Supergirl promises the rebels she knows a weakness in Dax's forces, one they can exploit if they follow her. She flies them all into Dax's fortress only to initially betray them. The troops surround the rebels who call Supergirl a traitor. Dax opens up the portal so Supergirl can return home. 

But then ... surprise ... when Supergirl examined Rowena's watch in that prior panel, she booby-trapped it so Dax would get a face full of sleep gas.

With Dax out, Supergirl flies around beating up all of his troops.

Now I suppose that Supergirl needed to play along until Dax opened the portal home. But maybe she could have just demolished his troops beforehand. Or let the rebels know her plans before dropping them off? 

And how did she do that to Rowena's watch? 

Whew ... but that is a lot of plot in basically 3 pages!

Supergirl makes the rebels to promise to guard their freedom moving forward. Now the goddess statue will be of Urani AND Supergirl.

In just the nick of time, Supergirl flies through the door and back to Earth. After this adventure, even sour Rowena has to admit Supergirl is pretty cool.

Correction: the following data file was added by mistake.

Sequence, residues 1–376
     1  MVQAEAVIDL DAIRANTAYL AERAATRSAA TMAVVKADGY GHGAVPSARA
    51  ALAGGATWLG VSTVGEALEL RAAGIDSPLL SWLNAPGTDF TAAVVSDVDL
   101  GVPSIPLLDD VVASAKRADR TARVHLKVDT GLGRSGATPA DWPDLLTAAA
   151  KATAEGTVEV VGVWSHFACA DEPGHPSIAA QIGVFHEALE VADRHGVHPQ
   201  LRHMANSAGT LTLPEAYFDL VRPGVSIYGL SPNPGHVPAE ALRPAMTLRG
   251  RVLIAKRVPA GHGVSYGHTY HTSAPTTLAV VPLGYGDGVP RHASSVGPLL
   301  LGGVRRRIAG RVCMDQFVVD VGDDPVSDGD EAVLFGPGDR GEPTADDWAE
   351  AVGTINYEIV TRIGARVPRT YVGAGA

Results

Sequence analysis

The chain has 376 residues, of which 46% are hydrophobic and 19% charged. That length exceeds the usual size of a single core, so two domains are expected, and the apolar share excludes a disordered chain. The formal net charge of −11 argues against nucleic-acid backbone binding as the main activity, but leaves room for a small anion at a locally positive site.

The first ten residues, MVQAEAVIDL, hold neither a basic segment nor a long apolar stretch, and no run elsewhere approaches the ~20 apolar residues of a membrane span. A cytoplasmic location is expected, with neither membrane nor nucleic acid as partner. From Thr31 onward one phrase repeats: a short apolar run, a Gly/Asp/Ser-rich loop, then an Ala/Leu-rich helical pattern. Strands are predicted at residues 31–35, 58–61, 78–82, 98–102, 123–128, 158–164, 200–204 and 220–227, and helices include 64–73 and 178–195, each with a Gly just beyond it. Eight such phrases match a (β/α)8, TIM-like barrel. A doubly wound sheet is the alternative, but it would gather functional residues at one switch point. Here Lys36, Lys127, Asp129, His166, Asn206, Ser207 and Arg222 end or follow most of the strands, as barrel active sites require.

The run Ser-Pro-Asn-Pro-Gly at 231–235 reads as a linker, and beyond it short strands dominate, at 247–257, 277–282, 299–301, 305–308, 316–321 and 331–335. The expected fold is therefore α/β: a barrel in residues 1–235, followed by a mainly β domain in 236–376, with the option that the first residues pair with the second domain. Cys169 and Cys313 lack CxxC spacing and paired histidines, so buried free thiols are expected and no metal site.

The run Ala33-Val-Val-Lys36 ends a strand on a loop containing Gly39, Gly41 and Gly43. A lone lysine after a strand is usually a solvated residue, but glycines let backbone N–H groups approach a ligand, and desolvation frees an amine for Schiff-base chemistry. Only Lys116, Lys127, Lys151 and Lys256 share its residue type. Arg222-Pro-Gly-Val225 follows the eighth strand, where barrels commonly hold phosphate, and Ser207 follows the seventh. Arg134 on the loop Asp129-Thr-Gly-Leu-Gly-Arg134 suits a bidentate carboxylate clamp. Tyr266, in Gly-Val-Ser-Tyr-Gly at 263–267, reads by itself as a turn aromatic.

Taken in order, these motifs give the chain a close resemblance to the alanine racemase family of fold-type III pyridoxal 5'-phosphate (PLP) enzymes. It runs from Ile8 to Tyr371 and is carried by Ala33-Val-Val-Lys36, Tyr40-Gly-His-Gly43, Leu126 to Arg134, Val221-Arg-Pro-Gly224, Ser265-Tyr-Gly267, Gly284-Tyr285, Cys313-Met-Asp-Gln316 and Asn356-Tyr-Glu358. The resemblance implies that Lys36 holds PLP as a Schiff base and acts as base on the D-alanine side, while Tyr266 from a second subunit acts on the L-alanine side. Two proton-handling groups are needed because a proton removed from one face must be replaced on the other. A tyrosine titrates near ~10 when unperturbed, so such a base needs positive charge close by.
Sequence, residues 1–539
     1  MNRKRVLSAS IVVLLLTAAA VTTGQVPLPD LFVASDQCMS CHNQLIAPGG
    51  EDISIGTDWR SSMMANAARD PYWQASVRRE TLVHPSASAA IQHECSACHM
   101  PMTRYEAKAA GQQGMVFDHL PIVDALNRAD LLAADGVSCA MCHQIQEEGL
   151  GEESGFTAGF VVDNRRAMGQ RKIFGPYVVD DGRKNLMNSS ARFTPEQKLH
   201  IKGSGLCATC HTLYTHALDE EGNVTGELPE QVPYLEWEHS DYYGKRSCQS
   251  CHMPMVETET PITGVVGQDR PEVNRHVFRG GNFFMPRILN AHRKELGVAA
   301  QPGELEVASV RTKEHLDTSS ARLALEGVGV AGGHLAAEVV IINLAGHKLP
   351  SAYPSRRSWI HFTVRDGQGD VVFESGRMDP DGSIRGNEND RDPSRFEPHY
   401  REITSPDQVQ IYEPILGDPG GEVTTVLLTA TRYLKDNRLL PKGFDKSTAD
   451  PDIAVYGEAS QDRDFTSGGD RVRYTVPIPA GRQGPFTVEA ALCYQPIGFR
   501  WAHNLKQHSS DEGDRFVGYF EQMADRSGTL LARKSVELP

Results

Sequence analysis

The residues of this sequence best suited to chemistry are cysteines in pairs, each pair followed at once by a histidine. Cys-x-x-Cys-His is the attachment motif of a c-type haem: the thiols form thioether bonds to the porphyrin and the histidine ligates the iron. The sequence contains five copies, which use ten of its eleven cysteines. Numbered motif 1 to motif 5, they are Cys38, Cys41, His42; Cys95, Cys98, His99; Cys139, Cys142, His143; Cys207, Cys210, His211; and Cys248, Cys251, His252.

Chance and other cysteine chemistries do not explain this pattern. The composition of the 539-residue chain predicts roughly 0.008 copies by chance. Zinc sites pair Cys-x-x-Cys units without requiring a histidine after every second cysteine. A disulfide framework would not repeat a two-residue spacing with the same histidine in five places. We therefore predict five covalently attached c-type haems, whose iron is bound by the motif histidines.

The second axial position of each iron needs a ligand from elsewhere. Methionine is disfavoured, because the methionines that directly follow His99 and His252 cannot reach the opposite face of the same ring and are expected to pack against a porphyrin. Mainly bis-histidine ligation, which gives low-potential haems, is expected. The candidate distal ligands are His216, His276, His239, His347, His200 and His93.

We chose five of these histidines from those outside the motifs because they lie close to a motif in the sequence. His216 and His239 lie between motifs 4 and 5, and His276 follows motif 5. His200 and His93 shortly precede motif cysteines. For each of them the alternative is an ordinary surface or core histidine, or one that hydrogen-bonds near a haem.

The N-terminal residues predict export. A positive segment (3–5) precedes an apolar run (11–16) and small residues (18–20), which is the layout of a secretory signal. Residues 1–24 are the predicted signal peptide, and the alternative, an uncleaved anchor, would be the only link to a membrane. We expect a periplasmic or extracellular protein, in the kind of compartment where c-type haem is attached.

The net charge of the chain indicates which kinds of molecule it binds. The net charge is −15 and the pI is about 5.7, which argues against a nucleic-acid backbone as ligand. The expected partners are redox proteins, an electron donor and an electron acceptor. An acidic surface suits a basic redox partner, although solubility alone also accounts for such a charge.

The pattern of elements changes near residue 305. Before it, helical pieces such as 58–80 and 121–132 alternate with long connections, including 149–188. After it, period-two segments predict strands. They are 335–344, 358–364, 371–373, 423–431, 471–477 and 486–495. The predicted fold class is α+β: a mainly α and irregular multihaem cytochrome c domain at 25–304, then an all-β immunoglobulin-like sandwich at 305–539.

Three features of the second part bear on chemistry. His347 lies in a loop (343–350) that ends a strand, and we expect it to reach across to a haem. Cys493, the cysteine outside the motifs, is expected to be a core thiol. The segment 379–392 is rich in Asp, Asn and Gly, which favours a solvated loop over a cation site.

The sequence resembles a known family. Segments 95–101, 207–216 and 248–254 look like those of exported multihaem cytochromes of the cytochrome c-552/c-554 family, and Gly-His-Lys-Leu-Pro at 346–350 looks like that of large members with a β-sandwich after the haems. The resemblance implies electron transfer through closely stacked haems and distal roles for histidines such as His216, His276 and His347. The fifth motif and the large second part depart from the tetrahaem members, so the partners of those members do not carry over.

Wow ...

Anyways, I think there is so much here that could be unpacked that maybe should be left where it all is. These were simpler times. With little information about the two sides, Supergirl decides the rebels should be in control and Dax our of power and she uses her powers to make it so. 

Dax taking away her powers and returning them, relying on Supergirl's honor to not simply attack him is an odd turn. 

All that said, Rosenberger's art is sharp. He makes the most of the action here. You can feel a Saaf-ness here, even through Colletta's inks. 

This isn't an important book in Supergirl's history so no need to seek it out as a key issue. But the inclusion of this supporting cast, the Superman cameo, and the story being written by Drake make it a bit of a novelty.

Overall grade: B-


Professor Feetlebaum said...

"The Devil's Brother" was also the title of a 1933 Laurel and Hardy film. But aside from Supergirl finding herself in something of another nice mess, there doesn't seem to be any other connection.

Still, I wonder if Arnold Drake might have seen the movie and "borrowed" the title.

It looks like there were possibly some deadline problems with this issue. The Zatanna backup is a reprint from Hawkman #4 (1964).

"This one has just about everything."